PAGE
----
What about music made by humans as opposed to naturally occuring music? Is there any categorical difference between birdsong and flute-playing, between the static of an old vinyl and the fuzzy muffled voice that emerges from it? If music requires intention, and if God's is the only intention to speak of, then all sound basically falls into a single category of divine music-making.
But recall from our previous entry God's radical committment to wills and intentions distinct from His own. This committment is most clearly demonstrated in humanity, especially the humanity of Jesus Christ. (This is not to speak of other living beings such as angels and animals. New categories of music-making might emerge from reflecting on the nature of such creatures.) It is only in Christ, a human will distinct from and perfectly united to God's, that we might speak clearly of human music-making as such.
For Jesus, though fully God, is yet able to express himself fully as a human being. This gives tremendous weight to our activity as humans. We must never confuse human nature with the divine; yet we ought to make much of human capacity to imitate the divine and put it on display in the physical world. In a mysterious way humans make the music of this world more musical by uniting their intentions to the Spirit of Christ.
A disciple of Christ who makes music is woven into the symphony of divine music-making and in fact becomes a kind of "hot spot" in the field of naturally occuring music. The "heat" rises or falls according to our level of investment and love in the act of music-making. Both technique and passion are important, because both invest a person more fully in the music that is being made. No disciple may opt out by saying, "I am not a musician", because even a disciple who listens may reflect God more or less by listening well or poorly.1
If we follow this line of thinking, we may conclude that ensemble music is inherently superior to solo music. After all the more people that are involved, the greater will be the threshold for personal investment and meaning. Again the presence of a Triune God is key to our understanding. The individual who sings out of love with no one but God to listen may do far better than the orchestra that plays for ego and a paycheck. A single heart on fire outshines a thousand hearts of stone.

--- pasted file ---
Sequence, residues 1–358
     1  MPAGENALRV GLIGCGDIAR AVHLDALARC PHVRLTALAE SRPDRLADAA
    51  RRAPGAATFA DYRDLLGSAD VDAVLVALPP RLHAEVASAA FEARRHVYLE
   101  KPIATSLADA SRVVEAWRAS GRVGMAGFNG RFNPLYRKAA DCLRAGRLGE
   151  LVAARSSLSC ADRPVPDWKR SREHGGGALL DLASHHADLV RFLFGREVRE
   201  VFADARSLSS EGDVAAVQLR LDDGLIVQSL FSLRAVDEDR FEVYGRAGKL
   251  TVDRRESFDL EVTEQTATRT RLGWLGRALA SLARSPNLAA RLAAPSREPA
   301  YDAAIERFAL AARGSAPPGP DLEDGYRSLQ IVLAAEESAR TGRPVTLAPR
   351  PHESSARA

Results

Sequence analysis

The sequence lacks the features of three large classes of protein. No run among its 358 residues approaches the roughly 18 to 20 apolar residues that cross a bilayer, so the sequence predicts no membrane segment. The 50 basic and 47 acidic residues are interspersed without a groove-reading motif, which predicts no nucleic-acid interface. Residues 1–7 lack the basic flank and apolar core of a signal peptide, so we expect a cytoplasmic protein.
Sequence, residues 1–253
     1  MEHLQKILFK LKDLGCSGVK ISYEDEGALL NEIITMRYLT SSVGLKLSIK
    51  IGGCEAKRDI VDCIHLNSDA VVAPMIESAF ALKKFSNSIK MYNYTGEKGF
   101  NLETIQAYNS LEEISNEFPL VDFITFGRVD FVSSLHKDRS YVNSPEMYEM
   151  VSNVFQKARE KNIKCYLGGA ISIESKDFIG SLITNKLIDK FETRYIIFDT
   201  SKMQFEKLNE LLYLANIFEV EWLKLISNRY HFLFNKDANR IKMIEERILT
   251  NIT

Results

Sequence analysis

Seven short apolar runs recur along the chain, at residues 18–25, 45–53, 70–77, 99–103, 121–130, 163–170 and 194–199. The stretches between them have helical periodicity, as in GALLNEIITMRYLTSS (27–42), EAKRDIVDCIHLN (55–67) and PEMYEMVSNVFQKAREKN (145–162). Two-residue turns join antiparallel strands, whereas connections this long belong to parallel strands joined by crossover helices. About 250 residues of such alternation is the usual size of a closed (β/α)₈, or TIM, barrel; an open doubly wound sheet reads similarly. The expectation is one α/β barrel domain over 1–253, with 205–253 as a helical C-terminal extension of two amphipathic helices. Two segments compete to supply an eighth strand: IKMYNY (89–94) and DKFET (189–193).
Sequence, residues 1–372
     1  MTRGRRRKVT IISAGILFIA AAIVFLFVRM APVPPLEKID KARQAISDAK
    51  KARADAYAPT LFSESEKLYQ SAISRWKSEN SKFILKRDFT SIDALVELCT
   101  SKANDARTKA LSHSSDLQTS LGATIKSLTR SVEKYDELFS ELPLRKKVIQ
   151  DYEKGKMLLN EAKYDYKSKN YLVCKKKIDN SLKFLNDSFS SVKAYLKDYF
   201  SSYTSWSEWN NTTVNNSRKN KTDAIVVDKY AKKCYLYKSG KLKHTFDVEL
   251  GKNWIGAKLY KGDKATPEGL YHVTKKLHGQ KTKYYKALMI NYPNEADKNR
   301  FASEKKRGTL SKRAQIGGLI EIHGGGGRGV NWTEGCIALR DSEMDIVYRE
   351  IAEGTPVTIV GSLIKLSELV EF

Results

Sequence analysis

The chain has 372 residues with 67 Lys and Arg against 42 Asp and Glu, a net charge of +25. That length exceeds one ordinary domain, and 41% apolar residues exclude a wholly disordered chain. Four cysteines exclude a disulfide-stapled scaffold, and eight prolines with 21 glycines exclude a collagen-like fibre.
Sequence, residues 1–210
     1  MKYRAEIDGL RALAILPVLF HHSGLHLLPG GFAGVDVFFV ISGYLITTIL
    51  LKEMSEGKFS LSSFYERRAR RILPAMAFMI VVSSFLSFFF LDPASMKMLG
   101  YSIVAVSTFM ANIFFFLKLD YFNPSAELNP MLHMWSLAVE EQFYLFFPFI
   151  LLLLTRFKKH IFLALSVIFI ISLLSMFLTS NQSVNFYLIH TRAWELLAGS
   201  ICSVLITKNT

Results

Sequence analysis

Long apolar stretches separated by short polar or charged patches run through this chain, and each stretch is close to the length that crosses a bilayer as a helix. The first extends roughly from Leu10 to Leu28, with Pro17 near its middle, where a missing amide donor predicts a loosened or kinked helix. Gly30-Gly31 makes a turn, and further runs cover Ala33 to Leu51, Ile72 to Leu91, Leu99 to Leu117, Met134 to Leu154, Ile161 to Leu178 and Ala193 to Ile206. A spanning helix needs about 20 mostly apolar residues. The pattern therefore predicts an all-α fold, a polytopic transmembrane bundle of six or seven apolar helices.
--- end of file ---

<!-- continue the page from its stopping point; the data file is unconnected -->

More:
But the general principle remains that a community holds warmth better than an individual. So we should be encouraged to invite as many people into our music-making as possible, provided that love remains the goal. Remember also that keeping silence is as much a musical choice as making sound. Nothing is wasted when the orchestra stops to let the soloist play a cadenza. The players are fully invested in the silences they produce to make that moment of the concerto possible. The quiet concertgoer and the noisy wedding guest can be just as musically loving given the proper context.2
But if any sound can be crafted into a musical act, why are humans invariably attracted to musical instruments and other methods of "heightened" sound production? Why sing if speaking can be just as loving and just as musical? The answer lies in that word "connection" and in the scriptural concept of Sabbath. We will continue this investigation in the next entry.
1 To be sure a disciple united to Christ cannot reflect God any less than perfectly on the transcendent and spiritual plane. But touching the New Testament category of "the flesh" a disciple may reflect God more or less perfectly in the present world. ↩
2 As a church music leader I am compelled to make this qualification: there is a big difference between keeping silence in order to listen well and keeping silence out of fear of being heard. When Jesus commands God's people to sing and shout, we are beholden to sing and shout the best we can. ↩